Now here’s the fork in the road where the inalienable Bruins goaltending facts and some good, old-fashioned speculation go their separate ways.

It doesn’t mean that it’s going to happen, but the addition of Halak for multiple years also opens up the possibility of trading away Rask if the right deal comes across Sweeney’s desk. The $2.75 million per season that the Bruins are paying Halak is the going rate for a top-of-the-line goalie, but it now also means the B’s are paying just under $10 million per season over the next two years for their goaltending tandem. That’s a whopping 12.5 percent of the $79.5 million in salary cap space, which is much less than either of the teams in this spring’s Stanley Cup Final (Vegas paid $6.4 million for their goalies and Washington paid $7.6 million for the Braden Holtby/Philipp Grubauer combo) shelled out for their goaltending.

In fact, only Montreal is spending more money on goaltending than the Bruins this season thanks to the awful Carey Price contract, and – along with the Bruins -- only the Panthers, Canadiens and Avalanche are paying north of $9 million in cap space for their goalies next season. For a Bruins team that was just barely in the NHL’s top-10 in save percentage and where the goaltending wasn’t really a demonstrable strength in the playoffs, that feels like a lot.  

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Rask has a limited trade clause for this upcoming season where he can be traded to eight NHL teams, and that “can be traded to” list gets bumped up to 15 teams in the following season. The Bruins did everything possible last season to make sure that Rask was mentally and physically rested with the 54 appearances, which was right around the targeted 55-60 games the Bruins had him penciled in for at the start of last season.

But even after all that rest and being given the high maintenance treatment, Rask still responded with a shaky postseason that was the worst statistically of his career. The 2.88 goals against average and .903 save percentage were the worst playoff marks of his NHL career, and Rask was an absolute disaster in their Game 7 showdown with the Maple Leafs. If the Bruins hadn’t completely shut down Toronto in the first half of the third period where they didn’t allow a shot on net (and didn’t allow Rask to even be a factor in the balance of that game), they probably wouldn’t have even advanced beyond the first round prior to their second round smack-down at the hands of the Tampa Bay Lightning.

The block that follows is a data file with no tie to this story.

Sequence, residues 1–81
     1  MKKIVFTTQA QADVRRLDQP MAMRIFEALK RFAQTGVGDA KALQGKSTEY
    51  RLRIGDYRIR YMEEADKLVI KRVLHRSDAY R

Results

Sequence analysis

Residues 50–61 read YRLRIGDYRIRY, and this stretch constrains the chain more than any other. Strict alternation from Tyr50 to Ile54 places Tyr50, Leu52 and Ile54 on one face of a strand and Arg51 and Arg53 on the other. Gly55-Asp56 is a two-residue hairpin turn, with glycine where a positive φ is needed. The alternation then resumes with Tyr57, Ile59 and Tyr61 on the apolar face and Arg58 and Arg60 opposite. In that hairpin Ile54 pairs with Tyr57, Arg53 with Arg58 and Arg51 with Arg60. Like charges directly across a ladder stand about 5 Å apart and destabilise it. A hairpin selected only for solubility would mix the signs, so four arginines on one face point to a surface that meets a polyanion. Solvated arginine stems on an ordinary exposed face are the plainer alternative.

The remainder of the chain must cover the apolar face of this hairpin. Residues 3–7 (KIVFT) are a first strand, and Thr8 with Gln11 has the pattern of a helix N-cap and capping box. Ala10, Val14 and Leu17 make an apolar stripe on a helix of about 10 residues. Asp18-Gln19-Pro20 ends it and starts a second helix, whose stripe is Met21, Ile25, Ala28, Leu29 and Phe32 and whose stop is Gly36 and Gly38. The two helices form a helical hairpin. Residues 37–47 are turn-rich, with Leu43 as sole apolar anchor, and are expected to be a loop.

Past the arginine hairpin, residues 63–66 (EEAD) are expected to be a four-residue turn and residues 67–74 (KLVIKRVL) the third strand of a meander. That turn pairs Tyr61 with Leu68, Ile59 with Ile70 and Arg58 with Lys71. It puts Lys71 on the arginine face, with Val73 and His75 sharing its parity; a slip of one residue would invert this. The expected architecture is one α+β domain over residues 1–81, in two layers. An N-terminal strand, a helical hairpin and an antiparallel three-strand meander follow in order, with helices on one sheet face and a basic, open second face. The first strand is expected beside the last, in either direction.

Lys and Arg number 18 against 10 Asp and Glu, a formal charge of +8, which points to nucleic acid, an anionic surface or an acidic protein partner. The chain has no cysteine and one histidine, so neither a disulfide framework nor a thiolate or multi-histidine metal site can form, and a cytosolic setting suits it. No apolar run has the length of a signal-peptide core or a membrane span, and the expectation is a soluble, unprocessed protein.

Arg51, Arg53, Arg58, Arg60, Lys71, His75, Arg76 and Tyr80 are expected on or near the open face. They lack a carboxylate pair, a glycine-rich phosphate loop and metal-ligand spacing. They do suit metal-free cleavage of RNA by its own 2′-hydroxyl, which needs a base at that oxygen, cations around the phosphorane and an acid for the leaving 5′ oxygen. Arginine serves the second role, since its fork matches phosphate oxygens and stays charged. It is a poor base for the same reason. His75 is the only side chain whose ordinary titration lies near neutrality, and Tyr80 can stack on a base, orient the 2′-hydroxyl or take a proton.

Rask was better in the second round vs. Tampa and added to his career highlight reel when he angrily fired a broken skate blade at the boards, but there are still some of the very same, nagging questions about Boston’s top goalie when it comes to big games.   

So why not start to explore what Rask could yield in a hockey trade, and even pull the trigger if the price is right given that Halak is there as a proven starting goaltender? There has been plenty of talk about Torey Krug being on the move if the right trade comes up to fit Boston’s needs, and there’s no reason why Boston’s All-Star, $7 million a year goaltender shouldn’t be part of that roster improvement conversation as well.